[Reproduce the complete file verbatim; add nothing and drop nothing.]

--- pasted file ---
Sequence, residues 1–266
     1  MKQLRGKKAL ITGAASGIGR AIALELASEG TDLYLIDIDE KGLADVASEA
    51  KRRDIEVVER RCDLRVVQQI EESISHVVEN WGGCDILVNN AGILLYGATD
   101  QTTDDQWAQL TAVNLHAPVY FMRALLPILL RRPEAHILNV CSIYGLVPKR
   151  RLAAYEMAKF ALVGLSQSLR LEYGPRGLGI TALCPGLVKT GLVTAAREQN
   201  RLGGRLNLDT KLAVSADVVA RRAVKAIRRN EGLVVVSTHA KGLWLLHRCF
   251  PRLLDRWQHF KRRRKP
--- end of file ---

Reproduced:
Sequence, residues 1–266
     1  MKQLRGKKAL ITGAASGIGR AIALELASEG TDLYLIDIDE KGLADVASEA
    51  KRRDIEVVER RCDLRVVQQI EESISHVVEN WGGCDILVNN AGILLYGATD
   101  QTTDDQWAQL TAVNLHAPVY FMRALLPILL RRPEAHILNV CSIYGLVPKR
   151  RLAAYEMAKF ALVGLSQSLR LEYGPRGLGI TALCPGLVKT GLVTAAREQN
   201  RLGGRLNLDT KLAVSADVVA RRAVKAIRRN EGLVVVSTHA KGLWLLHRCF
   251  PRLLDRWQHF KRRRKP